Kirkhope Tower facts for kids
Quick facts for kidsKirkhope Tower
|Ettrick Valley, Selkirkshire, Scotland|
Kirkhope Tower beneath Kirkhope Hill
|Type||Pele tower with Barmekin|
|Condition||Occupied as a residence|
|Built||early 16th century|
|Built by||Walter Scott of Harden|
|In use||16th century to present|
Kirkhope Tower is a Scottish Pele, located in the Ettrick Valley, in the historic county of Selkirkshire, now a division of the Scottish Borders. The tower lies a mile to the north west of Ettrickbridge, and seven miles (11 km) from the Burgh of Selkirk.
A remote and austere building, Kirkhope Tower is of a square footprint and constructed from local stone. It consists of four main floors and a garret floor above the parapet. Its small windows are constructed with simple relieving arches and stand with the exception of the light into the Ground floor at heights of over thirty feet. It stands on rough ground that slopes steeply away to the valley below.
The ground floor is of vaulted construction and is accessible through a small door that could be easily barricaded by use of an iron yett. The room was lit by an oblique light on the opposite wall to the entrance, affording no view or access to within the chamber from potential attackers. Access to the upper floors was by use of a timber staircase that leads from the left of the entrance to the northeast angle of the building.
The first floor of the Tower would have housed the original Hall of the tower with access to the above floors only to be gained by crossing the room to the turnpike in the south east angle. Adjacent to the turnpike is the main entrance to the building, which in times of war could be accessed by a wooden stair or ladder that could be retracted within, the door on the ground being firmly secured.
Second and third floors
These levels provided accommodation for the Laird and his family with timber floors joisted with oak dividing them.
Parapet and garret
There are two rectangular turrets in the northwest and southeast angles of the parapet, the latter of which acts of the cap-house for the turnpike staircase rising from below. There are walkways within the parapet to the North, South and East, the western gable being taken up by the flues for the Fireplaces in the floors below. The parapet is supported by simple Corbels. The addition of the covered turrets rather than simple Bartizans suggest a relatively late construction.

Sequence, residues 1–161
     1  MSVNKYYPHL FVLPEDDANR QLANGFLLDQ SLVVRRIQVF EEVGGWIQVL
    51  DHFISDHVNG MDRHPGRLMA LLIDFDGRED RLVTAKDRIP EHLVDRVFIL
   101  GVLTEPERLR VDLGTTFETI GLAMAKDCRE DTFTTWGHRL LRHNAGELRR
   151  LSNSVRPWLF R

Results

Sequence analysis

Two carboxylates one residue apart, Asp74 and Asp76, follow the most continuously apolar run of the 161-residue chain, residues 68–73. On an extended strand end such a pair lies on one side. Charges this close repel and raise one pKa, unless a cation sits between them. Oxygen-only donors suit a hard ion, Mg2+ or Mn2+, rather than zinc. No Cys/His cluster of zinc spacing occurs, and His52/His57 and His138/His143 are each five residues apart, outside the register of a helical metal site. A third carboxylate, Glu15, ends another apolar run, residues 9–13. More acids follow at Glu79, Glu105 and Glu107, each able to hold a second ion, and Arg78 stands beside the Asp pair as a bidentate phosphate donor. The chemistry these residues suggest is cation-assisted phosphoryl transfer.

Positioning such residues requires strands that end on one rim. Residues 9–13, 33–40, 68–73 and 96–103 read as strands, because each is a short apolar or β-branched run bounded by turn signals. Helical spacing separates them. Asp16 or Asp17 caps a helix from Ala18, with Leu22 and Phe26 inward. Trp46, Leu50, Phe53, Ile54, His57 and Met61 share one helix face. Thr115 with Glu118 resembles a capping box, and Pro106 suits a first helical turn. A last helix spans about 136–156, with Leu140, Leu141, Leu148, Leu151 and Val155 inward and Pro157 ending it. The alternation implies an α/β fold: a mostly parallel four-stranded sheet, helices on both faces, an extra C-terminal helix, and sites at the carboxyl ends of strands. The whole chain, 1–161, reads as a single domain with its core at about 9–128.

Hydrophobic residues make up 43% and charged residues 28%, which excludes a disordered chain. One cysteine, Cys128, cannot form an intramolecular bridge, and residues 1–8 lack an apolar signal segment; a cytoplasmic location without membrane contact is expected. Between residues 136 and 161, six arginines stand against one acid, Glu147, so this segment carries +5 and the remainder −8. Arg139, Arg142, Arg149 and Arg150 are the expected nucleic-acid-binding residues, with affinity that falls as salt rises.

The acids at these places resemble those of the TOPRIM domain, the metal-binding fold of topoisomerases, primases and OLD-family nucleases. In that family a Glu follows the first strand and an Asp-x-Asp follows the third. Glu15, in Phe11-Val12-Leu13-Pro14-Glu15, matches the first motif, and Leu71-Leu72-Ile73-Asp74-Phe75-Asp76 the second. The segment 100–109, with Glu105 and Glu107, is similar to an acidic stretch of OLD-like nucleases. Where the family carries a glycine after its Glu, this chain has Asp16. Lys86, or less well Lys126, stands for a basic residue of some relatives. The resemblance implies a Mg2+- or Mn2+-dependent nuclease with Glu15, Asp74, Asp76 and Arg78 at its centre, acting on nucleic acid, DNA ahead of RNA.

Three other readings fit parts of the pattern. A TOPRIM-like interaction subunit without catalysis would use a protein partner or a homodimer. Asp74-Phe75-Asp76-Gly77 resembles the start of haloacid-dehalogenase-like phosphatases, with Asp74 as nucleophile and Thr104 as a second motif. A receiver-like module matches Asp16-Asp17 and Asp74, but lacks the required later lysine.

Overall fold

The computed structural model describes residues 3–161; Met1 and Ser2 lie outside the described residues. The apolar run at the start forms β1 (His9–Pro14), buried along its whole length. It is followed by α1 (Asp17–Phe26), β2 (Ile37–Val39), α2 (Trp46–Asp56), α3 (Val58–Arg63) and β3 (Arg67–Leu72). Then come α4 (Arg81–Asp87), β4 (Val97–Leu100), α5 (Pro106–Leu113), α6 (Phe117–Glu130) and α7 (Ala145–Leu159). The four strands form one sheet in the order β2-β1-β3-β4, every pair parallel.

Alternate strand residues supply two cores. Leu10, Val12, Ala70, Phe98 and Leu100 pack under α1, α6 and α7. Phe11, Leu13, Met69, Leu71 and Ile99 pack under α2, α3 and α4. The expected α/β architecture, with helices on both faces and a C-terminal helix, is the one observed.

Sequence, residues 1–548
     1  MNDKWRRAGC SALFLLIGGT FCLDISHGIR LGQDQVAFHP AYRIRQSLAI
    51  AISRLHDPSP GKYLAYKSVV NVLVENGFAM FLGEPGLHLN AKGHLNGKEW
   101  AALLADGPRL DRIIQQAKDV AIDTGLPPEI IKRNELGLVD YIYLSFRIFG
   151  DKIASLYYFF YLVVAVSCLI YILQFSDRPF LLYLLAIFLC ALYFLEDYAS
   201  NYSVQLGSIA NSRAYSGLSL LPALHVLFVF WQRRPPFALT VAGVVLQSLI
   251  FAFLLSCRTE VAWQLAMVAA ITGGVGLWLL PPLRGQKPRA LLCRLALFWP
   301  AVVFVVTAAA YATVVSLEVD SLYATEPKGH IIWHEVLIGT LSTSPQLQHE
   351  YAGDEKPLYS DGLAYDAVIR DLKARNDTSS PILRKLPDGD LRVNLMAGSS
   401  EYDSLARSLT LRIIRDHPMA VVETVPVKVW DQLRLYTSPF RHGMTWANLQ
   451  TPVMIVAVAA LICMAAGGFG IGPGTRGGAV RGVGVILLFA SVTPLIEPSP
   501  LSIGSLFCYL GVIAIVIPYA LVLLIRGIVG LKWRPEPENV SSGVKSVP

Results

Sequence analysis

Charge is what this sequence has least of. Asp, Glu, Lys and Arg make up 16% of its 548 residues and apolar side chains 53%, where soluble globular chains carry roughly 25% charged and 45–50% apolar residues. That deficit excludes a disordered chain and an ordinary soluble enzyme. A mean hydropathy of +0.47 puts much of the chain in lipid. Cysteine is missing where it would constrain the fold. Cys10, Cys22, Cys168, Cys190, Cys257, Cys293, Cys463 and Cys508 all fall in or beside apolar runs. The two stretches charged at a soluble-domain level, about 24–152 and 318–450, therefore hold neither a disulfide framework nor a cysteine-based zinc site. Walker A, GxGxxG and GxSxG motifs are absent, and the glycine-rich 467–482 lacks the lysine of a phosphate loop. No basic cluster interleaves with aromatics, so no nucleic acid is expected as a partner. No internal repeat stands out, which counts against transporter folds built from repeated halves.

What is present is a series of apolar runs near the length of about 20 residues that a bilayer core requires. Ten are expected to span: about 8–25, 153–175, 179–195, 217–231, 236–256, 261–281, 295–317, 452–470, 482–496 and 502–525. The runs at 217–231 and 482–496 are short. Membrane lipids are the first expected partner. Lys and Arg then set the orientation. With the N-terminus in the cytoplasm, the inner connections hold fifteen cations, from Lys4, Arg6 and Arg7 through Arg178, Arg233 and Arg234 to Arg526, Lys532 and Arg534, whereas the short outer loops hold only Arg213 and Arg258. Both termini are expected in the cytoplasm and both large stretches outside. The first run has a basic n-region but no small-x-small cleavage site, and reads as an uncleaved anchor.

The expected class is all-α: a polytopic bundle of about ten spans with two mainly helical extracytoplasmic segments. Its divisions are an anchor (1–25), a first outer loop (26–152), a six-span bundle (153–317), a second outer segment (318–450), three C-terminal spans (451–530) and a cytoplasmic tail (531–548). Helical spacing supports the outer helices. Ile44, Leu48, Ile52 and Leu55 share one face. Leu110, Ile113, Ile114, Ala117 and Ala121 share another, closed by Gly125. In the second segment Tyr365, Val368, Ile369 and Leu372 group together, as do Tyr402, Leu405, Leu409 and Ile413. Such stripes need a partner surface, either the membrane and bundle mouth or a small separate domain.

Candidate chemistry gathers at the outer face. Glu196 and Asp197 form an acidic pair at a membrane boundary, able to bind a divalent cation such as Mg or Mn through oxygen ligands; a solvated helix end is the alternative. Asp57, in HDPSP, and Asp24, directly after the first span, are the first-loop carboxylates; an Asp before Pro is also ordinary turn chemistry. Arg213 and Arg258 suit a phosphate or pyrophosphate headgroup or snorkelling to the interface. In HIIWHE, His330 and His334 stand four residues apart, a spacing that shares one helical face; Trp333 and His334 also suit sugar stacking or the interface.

There are remains of the Barmkin wall still extant. This originally formed a Bailey around the structure in which cattle and tenants could seek refuge in dangerous times.
Although there is no records of its construction, Kirkhope was presumably constructed by the early part of the 16th century in accordance with an act of the Scottish Parliament, dated 1535 that required large landholders in the Borderlands to build barmkins of stone and lime, sixty square feet in area and with walls of one ell thickness and six ells in height "for the resett and defense of him, his tennents, and his gudis in troublous tyme". Furthermore "with ane toure in the samen for himself gif he thinks it expedient. And that all ather landit men of smaller rent and reuenew [revenue] big [build] pelis and greit strenthis as they please for the saifing of thaimselfs, &c.; and that the said strenthis, barmkynis, and pelis be biggit and completit within twa yeris under pane."
Kirkhope was burnt and its stock removed during the campaign of Charles Brandon, 1st Duke of Suffolk in the early stages of the Rough Wooing of Mary, Queen of Scots, by Henry VIII of England. The actual raiding itself was carried out by members of the cross border "Riding Family" of Armstrong.
Auld Wat Scott of Harden
Walter Scott of Harden was a notorious Border Reiver. The tower of Kirkhope was used as a residence of the eldest sons of the Scotts of Harden Castle, immediately to the west of Hawick. Young Wat Scott brought his bride and cousin Mary Scott of Dryhope, better known as the "Flower of Yarrow" back to Kirkhope prior to the death of his father William. Mary Scott was as renowned for her beauty as much as her mate was known for his belligerence. Wat Scott was later to be a supporter of Francis Stewart, 1st Earl of Bothwell, an unsuccessful warrant for his arrest was made in 1592 by James VI. Wat Scott, although the subject of many Border ballads is perhaps best remembered by his wife's reaction to empty stores, presenting him with his spurs on a platter for dinner – a signal to ready his men for a raid.
Kirkhope came into the possession of Anne Scott, 1st Duchess of Buccleuch, widow of the Duke of Monmouth in the early eighteenth century and from mid-nineteenth century it was allowed to fall into a state of decay.
By 1907 the tower was the poetic subject of eleven stanzas by Scottish Border poet and Australian bush balladeer Will H. Ogilvie (1869–1963), a romantic reflection of its former life contrasted to its present state:
I climb by the broken stairway; the great grey wall
Runs fair and free to the roof, uncrossed of beam;
And that that was lady's bower, and this that was hall
Where the strong men feasted, are one; and again I dream,
Kirkhope Tower was rescued from ruin in the later part of the twentieth century and by 1996 it was again in use as a private residence. It is now owned by Peter Clarke, a former Conservative parliamentary candidate and landowner. Clarke was spokesperson for the Wild Beasts Trust, a movement to reintroduce numerous wild species back into the United Kingdom.
In 2007 Peter Clarke was interviewed and gave a tour of Kirkhope Tower on the BBC TV programme Castle in the Country, first aired on 16 July 2008, in episode 6 of the 4th series.
As of April 2019, the tower is offered for sale.
Kirkhope Tower Facts for Kids. Kiddle Encyclopedia.